Baseball sells out the ceremonial first pitch
Once the domain of mayors and military veterans, this honor now goes to anyone with deep pockets -- or a good costume.
Since then, the first pitch has been mostly reserved for presidents, mayors and other dignitaries. Military veterans get the chance as a gesture of gratitude for their service. The first pitch meant nothing and meant everything all at the same time.
But these days, the first pitch is veering more into nothing. Just about anyone gets the ceremonial first pitch at some parks, especially those whose deep pockets who have paid to sponsor a team, according to an article this week in The New York Times. Or sometimes, a really good costume might suffice.
Baseball has sold off the first pitch, taking away any weight or substance the throw ever carried. Here are some of the people now entertaining audiences with the pre-game toss:
- A Cirque du Soleil dancer in a skin-tight green body suit.
- People dressed in Hello Kitty and Snoopy costumes.
- Jamaican hip hop musician Sean Paul.
- Reality show judge Sharon Osborne.
- The star of reality show "Man vs. Wild" (who, by the way, set the baseball on fire before throwing it).
- Capt. Wild Bill Wichrowski of the television show "Deadliest Catch."
Other teams will have as many as five different first pitches in one game.
Is it too cranky to bemoan the first pitch's lost dignity? Some purists may hate it, but other fans see it as another piece of pre-game entertainment. And teams get to make their sponsors happy, which keeps the revenue flowing.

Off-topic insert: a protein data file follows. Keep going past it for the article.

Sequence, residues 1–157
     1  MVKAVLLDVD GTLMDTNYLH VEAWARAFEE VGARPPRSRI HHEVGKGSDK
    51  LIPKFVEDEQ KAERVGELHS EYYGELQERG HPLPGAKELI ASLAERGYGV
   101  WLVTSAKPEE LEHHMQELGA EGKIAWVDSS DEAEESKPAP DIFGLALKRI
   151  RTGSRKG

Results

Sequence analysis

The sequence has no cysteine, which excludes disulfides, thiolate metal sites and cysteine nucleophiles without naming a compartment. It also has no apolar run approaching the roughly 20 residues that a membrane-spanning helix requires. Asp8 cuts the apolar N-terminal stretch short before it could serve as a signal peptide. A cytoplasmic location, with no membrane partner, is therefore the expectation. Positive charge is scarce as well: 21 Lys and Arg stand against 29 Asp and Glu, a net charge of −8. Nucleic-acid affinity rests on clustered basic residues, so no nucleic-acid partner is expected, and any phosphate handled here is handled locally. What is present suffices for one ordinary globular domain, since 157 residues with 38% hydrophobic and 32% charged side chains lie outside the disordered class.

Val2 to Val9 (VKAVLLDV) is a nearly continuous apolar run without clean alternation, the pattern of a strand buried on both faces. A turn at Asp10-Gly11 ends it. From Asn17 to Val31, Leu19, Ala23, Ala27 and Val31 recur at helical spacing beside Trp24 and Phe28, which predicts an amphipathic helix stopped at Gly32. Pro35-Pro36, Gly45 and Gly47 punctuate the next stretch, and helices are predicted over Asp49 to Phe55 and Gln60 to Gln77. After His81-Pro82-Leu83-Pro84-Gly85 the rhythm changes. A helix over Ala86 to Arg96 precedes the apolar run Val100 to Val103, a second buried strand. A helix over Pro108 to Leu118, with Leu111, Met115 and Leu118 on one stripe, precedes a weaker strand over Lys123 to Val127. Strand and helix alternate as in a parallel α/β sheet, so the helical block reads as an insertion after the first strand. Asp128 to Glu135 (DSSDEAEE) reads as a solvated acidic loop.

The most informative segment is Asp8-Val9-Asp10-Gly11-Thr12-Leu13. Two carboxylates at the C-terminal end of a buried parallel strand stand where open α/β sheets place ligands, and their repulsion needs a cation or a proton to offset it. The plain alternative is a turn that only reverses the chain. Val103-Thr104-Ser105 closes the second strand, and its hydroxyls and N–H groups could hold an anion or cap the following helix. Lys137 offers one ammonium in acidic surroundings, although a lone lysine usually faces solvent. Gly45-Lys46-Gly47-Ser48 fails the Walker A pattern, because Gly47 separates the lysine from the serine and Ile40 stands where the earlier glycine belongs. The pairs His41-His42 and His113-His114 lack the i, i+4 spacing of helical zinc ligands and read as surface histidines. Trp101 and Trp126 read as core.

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No one other than the family of those throwing the pitch find it entertaining.
And EVERYTHING in sports is now for sale. Advertisements placed behind the catcher so it shows on TV. The naming rights to ball parks. The announcers in every sport having an advertisement tie-in for every event. For example, the Lakers have an In-N-Out (burger) "whose in/whose out" announcement when the first lineup change occurs in a game, and an East/West Bank "who is going east, who is going west" to identify which direction the teams are shooting at.
It is ridiculous. We are all saturated with advertisements. I hope someday a study shows the pay back on advertising dollars is terrible, then we can rid ourselves of this scourge
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